Easter in the Snowy Mountains – Day 2

9 Jun

Following a huge first day, we wake early the next morning to almost freezing temperatures, and a layer of fairly magical fog. Despite sleeping on some pretty hard ground, we’ve had a deep sleep – I think we can thank the beautiful fast flowing Swampy Plains River. Again, we’ve got another big day ahead of us, so we pack up early.

Geehi Flats Camping Ground - on the banks of Swampy Plains River

Geehi Flats Camping Ground – on the banks of Swampy Plains River

We edge back out onto windy Alpine Way. It’s a tricky drive, but it’s beautiful. We’re deep, deep down – near the Victorian border – and as the road takes us higher and higher we rise above the soupy fog. Viewing the patchy fog while above the patchy fog is a real sight. I’m not able to get pictures because a) there’s nowhere to pull over, and b) it’s so windy, that I catch a glimpse, and around the next bend, the view is gone.

Pretty, pretty drive through Alpine Way

Pretty, pretty drive through Alpine Way

The other campgrounds we pass through look promising, particularly Leather Barrel Creek for how picturesque it is, and Tom Groggin for good facilities.

Our plan today is to do Bob’s Ridge Trail. Again, we’ve taken our notes from the Wild Walks website. Again, we’re a bit confused. Do we stop at Dead Horse Gap? We think so, and begin our walk, but stop after 100 metres. Surely not. We pop back into the car, and, sure enough, the entrance to the trail is just around the corner! We enter around Cascade Trail gate, and spot Thredbo River down below to our right. Basically, Bob’s Ridge Trail and Cascade Trail are the same trail, except Bob’s Ridge stops, well, at Bob’s Ridge, while the Cascade Trail keeps going all the way to the Cascade Hut. After yesterday, we’re not feeling too fond of huts – and after Main Range Track, we’ve made a commitment to try to keep to ~10-12km walks – so Bob’s Ridge it is!

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Looking back from where we’ve come; small granite tors on the left – you can see Thredbo River peeking through

It starts as a fairly steady climb up a fire trail for the first kilometre, before smoothing out and being relatively flat for the next 1.5 kilometres. We’re making a good pace. We come to the river, and while we later see some try to walk through it, the Wild Walks track notes alert us to a narrow metal bridge which takes us across the Thredbo River.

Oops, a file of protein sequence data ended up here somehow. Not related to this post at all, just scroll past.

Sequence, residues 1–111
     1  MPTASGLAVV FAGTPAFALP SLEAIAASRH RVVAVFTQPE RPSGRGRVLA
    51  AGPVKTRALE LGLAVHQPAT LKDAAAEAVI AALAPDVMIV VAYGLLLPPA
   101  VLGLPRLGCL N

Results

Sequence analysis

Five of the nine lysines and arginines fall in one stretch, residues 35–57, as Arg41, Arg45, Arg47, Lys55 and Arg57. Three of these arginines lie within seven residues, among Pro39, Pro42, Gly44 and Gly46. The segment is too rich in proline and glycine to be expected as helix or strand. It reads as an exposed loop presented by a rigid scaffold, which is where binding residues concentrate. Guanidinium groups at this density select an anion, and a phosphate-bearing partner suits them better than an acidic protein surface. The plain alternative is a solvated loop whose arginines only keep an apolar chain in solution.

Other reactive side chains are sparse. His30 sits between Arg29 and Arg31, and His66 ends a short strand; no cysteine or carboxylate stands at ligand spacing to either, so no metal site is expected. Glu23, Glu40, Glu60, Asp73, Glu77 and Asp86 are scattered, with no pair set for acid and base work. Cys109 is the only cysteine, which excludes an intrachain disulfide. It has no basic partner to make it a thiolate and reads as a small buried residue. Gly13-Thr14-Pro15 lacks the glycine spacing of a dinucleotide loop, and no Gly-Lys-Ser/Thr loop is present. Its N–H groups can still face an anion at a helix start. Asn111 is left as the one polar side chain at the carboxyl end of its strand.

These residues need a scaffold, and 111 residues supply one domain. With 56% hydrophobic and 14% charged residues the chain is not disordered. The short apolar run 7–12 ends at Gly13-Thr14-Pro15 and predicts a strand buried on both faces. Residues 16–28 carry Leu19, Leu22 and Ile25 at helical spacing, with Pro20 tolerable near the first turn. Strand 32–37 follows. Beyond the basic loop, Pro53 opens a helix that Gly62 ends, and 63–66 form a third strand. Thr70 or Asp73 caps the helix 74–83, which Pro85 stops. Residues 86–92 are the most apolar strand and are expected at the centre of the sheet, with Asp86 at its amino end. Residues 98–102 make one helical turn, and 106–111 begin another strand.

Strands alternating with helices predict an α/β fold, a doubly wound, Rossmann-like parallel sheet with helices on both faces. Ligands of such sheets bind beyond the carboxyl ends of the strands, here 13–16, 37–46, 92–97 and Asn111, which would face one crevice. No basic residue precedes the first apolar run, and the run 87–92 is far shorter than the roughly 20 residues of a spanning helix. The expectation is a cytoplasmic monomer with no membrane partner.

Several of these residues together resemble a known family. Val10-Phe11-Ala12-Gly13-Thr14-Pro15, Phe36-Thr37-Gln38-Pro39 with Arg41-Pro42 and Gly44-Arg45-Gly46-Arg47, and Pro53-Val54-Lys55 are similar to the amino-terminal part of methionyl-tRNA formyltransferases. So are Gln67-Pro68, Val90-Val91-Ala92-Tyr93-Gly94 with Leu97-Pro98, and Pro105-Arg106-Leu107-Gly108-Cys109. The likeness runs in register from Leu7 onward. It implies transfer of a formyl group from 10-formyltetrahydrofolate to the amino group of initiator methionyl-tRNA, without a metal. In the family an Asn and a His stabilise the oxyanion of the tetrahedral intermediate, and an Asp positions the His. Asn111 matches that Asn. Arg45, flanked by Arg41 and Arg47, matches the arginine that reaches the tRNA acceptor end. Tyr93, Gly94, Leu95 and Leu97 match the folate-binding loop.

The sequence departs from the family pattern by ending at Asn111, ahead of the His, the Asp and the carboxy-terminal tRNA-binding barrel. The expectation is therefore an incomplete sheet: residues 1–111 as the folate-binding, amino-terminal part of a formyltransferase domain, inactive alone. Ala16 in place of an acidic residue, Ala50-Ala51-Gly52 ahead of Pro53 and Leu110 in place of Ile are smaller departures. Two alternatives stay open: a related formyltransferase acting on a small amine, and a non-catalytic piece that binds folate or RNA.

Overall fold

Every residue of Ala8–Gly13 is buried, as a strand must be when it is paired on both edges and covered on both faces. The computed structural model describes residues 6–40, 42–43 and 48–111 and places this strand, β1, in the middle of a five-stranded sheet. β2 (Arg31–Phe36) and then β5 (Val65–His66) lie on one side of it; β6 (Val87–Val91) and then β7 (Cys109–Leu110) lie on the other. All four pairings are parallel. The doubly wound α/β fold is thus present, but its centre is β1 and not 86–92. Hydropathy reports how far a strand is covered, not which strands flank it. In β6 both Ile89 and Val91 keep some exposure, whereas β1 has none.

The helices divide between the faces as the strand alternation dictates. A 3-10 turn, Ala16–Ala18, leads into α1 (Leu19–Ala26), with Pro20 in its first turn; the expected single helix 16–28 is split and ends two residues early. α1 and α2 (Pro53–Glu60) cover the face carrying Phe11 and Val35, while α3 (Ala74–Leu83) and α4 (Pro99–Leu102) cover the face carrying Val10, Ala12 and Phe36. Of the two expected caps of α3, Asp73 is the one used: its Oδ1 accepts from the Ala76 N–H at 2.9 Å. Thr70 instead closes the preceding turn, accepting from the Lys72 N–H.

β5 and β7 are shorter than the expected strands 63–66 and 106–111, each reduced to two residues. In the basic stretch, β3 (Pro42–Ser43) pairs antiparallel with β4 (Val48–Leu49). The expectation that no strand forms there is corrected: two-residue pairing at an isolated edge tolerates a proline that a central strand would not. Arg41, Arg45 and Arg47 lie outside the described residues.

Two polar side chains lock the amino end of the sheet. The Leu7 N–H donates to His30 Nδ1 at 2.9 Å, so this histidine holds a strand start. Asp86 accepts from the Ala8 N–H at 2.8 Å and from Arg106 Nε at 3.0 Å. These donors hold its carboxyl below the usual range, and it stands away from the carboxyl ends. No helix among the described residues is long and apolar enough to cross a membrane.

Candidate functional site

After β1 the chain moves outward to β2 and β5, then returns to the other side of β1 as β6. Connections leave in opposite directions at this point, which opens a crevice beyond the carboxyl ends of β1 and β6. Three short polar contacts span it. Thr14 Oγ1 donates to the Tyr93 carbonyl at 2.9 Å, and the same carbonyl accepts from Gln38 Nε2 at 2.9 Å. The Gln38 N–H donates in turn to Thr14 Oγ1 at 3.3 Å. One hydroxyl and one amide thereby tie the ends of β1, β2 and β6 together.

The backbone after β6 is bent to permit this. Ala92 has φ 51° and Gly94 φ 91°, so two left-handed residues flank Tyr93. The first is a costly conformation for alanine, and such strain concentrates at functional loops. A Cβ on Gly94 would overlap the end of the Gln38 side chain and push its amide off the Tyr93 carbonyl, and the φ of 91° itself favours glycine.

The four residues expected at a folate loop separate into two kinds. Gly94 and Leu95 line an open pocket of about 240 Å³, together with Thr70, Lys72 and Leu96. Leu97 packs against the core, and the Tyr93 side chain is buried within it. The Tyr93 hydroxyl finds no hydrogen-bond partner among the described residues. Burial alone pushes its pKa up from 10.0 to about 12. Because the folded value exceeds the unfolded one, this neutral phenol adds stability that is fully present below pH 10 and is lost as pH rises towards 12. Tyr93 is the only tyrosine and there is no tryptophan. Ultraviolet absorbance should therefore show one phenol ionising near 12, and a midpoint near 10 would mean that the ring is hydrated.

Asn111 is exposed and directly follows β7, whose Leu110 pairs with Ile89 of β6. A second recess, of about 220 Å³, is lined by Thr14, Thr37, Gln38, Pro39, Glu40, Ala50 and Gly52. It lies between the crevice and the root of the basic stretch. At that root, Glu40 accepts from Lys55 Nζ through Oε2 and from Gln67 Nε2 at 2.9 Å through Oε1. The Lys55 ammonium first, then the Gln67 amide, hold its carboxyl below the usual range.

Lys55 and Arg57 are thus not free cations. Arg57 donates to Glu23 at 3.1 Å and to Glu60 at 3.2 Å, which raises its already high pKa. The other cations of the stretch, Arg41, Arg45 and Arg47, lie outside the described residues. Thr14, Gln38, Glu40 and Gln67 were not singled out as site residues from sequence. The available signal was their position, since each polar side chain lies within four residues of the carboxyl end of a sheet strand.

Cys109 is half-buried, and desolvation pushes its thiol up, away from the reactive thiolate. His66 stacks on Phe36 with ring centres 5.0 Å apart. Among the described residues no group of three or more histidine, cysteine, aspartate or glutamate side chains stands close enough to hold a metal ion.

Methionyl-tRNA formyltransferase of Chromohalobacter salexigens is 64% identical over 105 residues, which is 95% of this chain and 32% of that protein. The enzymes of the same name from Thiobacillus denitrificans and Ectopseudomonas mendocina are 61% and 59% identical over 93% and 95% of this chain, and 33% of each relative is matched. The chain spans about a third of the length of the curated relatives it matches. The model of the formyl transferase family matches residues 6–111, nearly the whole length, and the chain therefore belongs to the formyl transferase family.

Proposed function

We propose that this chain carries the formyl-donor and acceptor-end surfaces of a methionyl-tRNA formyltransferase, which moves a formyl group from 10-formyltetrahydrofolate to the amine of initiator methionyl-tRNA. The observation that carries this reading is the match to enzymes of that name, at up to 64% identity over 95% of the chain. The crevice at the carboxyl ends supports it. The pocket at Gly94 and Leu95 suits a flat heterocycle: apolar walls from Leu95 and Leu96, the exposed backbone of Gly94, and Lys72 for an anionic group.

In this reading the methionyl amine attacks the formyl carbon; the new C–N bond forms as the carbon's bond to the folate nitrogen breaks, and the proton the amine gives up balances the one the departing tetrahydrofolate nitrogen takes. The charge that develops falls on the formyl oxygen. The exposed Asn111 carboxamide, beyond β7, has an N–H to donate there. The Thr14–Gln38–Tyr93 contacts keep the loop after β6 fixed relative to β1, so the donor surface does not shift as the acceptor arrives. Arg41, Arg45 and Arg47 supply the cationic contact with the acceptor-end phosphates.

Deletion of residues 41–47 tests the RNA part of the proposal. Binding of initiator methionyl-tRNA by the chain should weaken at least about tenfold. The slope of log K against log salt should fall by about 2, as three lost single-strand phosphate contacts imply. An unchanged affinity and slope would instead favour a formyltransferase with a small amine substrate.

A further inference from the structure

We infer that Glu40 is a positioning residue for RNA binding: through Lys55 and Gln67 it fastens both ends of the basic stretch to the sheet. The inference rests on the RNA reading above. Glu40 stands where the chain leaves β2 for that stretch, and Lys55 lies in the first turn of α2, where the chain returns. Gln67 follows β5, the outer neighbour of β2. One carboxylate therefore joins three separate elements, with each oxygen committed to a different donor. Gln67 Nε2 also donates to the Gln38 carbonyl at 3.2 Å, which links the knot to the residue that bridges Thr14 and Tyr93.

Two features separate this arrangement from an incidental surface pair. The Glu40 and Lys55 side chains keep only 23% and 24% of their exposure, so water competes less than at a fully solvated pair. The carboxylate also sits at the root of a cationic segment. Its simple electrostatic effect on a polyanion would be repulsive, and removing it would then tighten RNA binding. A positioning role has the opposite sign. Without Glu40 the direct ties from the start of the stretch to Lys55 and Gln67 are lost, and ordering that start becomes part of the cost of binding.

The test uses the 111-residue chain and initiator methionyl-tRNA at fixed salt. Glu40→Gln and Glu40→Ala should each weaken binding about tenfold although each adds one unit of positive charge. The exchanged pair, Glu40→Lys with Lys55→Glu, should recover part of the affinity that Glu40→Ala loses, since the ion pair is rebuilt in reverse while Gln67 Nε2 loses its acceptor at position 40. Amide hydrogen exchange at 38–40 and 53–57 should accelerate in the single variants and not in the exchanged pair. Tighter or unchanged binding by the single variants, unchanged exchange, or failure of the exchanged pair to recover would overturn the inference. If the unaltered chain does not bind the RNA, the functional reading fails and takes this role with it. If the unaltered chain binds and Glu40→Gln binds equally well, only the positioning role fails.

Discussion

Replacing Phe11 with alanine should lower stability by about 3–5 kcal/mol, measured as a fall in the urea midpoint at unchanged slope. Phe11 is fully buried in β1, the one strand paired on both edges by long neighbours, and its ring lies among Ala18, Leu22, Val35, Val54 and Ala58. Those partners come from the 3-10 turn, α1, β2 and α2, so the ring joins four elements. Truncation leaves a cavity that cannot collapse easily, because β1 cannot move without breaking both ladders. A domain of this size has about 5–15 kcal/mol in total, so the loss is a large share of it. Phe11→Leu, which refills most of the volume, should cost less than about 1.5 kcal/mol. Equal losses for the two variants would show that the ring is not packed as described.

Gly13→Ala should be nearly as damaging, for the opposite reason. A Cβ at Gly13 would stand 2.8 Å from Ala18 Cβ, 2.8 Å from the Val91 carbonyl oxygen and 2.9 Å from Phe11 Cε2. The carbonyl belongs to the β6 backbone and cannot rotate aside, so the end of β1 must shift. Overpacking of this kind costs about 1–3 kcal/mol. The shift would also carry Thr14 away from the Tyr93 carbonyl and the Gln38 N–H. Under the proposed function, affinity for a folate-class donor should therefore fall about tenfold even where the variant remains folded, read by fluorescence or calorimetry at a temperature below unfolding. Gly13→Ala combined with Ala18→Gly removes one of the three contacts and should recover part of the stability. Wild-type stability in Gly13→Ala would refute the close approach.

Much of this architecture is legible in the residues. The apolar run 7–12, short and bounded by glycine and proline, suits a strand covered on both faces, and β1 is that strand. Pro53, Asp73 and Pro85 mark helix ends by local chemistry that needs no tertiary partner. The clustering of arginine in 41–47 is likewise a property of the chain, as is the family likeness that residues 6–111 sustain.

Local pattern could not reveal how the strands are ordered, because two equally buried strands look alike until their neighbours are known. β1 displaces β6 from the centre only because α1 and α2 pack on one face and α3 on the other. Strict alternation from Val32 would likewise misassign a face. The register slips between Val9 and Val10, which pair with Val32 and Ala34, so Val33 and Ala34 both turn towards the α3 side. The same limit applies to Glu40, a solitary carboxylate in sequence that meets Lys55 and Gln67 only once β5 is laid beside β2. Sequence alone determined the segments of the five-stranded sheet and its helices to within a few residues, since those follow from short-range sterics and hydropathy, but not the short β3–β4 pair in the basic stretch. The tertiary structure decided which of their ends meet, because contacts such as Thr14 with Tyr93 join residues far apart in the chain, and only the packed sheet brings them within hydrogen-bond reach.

Gorgeous skies from 1600-1800m!

Gorgeous skies from 1600-1800m!

From here, it’s up and up. And up. And some more up: about 200 metres in 2.5 kilometres. We walk through a pretty snow gum forest first, which then leads us to a forest of, well, dead snow gums.

Up, up, up

Up, up, up

At about 1800m and 5 kilometres in, we reach Bob’s Ridge – essentially, a set of granite boulders. We drop our bags and climb up them to get some great views over Victoria.

Bob's Ridge from a boulder

Bob’s Ridge from a boulder

Looking out over Victoria (I think?)

Looking out over Victoria (I think?). The dead trees stand as a reminder of the 2003 devastation.

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Plenty of cyclists take the Cascade Trail (better than what I could do) - this one joins us for the view

Plenty of cyclists take the Cascade Trail (better than what I could do) – this one joins us for the view

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I know, I know. So much wrong with this photo. Not least the skull cap beanie (Boyfriend's) and the shirt from the previous day. But hey, #likecanberra? :)

I know, I know. So much wrong with this photo. Not least the skull cap beanie (Boyfriend’s) and the shirt from the previous day. But hey, #likecanberra? 🙂

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(Check out Hilary Wardhaugh’s page for more photos of the trees and the devastating effect of the fires.)

Our walk down is much easier – and I’m surprised with just how many people are doing the walk or cycling. In one case, there appears to be numerous families with numerous children doing the walk, and the kids are doing a great job not complaining. Thumbs up!